New Golf? Nah, this Volkswagen prototype previews fast-charging robots

volkswagen gen e

Volkswagen’s researchers and engineers are developing electric cars and autonomous technology. The Wolfsburg, Germany-based company has stepped out of the traditional auto show circuit to quietly introduce a prototype called Gen.E which showcases its advances in both areas.

The Gen.E was designed with electrification in mind from the get-go. Unfortunately, Volkswagen isn’t ready to give us the low-down on its newest prototype. They’re showing the car to the public only so that “engineers and scientists in Wolfsburg give a small snapshot of otherwise strictly confidential topics,” according to a statement released online. However, the few morsels of information released by the brand are promising.

An electric drivetrain gives the hatchback a range of over 250 miles, which allows it to keep up with cars like the Chevrolet Bolt and the Tesla Model 3. The battery that provides electricity is integrated into the platform so that it won’t get damaged in the event of an accident, while the electric motor has been optimized to provide a blend of efficiency and performance. Whether the platform is in any way related to the modular MEB architecture that Volkswagen is currently developing for production models is up in the air at this point.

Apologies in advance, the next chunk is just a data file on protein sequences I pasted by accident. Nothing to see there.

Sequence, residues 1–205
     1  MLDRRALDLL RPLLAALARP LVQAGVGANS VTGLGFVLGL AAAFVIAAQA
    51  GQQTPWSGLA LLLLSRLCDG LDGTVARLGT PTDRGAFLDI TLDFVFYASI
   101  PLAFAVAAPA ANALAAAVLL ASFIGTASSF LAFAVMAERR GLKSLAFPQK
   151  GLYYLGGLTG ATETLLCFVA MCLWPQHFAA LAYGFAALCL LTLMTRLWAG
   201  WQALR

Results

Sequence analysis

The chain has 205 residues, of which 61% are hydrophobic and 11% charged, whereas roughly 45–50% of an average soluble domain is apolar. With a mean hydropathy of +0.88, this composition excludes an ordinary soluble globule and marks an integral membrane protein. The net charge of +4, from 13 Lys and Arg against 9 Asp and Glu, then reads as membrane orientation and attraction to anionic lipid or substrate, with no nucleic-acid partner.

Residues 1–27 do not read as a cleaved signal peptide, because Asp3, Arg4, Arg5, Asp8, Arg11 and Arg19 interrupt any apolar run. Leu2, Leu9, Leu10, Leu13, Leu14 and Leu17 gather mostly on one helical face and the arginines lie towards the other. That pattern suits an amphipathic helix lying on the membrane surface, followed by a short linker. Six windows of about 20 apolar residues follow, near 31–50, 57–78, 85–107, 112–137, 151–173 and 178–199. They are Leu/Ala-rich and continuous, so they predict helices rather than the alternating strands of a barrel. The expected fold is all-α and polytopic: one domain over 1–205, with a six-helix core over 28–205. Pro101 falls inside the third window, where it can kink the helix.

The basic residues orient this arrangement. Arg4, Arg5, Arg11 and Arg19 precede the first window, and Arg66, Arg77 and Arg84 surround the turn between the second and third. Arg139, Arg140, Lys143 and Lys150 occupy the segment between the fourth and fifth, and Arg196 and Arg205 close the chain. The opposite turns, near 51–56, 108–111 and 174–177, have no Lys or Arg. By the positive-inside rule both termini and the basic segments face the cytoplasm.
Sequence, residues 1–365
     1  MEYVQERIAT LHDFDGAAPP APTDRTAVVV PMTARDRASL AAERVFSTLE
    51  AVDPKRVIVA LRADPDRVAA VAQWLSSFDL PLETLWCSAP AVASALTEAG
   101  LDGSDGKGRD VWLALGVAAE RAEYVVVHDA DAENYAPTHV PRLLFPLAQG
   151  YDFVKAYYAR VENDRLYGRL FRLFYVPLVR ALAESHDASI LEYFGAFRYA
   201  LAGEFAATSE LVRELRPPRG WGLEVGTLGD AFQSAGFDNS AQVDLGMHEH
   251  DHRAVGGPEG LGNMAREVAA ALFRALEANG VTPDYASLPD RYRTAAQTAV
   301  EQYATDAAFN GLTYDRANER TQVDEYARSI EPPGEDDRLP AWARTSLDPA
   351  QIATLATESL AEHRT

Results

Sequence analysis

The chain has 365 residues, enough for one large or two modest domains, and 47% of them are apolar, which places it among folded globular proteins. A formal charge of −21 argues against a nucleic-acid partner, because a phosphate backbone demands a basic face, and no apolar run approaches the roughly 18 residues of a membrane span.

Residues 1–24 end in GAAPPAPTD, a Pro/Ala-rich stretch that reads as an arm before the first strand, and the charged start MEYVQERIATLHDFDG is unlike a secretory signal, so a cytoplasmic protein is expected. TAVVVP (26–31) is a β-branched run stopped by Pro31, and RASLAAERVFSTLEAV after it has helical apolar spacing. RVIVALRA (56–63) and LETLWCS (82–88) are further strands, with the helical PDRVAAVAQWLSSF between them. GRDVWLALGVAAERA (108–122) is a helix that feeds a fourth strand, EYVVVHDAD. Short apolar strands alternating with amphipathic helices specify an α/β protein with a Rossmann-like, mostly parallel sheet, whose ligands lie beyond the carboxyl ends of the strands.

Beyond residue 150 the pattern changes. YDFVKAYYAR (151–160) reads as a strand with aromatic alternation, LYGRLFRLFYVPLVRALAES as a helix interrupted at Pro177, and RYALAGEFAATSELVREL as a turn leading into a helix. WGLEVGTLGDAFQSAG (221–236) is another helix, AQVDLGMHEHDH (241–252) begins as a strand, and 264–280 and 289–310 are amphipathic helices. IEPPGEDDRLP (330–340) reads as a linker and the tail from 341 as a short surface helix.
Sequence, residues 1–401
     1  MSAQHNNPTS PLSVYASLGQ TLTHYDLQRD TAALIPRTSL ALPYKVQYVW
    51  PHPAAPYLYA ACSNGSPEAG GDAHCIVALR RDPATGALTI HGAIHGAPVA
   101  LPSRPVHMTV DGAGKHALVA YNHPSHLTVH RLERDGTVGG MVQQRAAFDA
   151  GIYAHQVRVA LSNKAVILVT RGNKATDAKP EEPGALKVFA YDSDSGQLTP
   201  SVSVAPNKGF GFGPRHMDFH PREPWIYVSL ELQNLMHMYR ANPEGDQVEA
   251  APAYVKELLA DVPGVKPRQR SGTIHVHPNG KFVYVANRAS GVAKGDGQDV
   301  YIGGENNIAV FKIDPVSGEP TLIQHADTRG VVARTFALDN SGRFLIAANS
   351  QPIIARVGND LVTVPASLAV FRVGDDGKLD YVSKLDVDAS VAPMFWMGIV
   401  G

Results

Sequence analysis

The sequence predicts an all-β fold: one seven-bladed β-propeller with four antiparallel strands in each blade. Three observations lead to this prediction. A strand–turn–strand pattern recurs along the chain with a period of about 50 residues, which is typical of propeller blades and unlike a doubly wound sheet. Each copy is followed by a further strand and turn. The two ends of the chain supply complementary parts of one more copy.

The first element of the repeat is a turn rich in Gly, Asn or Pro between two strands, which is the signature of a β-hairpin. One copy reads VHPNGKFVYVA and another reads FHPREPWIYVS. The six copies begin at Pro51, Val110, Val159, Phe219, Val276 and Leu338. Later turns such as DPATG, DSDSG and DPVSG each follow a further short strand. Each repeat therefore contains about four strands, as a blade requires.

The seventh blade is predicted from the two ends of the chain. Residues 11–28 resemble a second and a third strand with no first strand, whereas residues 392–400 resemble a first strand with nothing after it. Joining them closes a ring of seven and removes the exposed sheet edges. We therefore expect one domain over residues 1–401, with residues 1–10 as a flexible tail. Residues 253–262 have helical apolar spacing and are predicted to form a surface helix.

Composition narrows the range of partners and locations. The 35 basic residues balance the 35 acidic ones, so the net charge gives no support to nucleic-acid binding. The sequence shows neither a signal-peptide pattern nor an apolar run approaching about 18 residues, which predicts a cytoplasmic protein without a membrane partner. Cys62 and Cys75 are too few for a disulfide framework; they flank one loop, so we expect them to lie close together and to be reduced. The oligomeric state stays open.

Volkswagen Gen.E research vehicle

Interestingly, one of the secret projects engineers are working on is an autonomous robot that can charge an electric car. Details are again fantastically vague, but the company says it envisions a future where mobile, four-wheeled robots meander through multi-story parking garages to charge electric cars.

There’s something to be said about the Gen.E’s design, too. Visually, it takes styling cues from the ultra-efficient XL1 built in limited numbers and sold for a supercar-like price a couple of years ago, and pastes those cues on an attractive hatchback body that’s vaguely reminiscent of a Golf or a Polo. The seventh generation of the Golf has been in production since 2012, and we know it’s getting a replacement before the turn of the decade. Naturally, we’re tempted to say the Gen.E might shed a little bit of insight into what the eighth-gen model will look like, but Volkswagen assures us that’s not the case.

“The vehicle itself is actually of secondary relevance, just carrying some technical features related to fast charging. To be clear: any speculation regarding any brand-related production vehicle or intentions of this kind are absolutely without substance,” a company spokesperson told Digital Trends.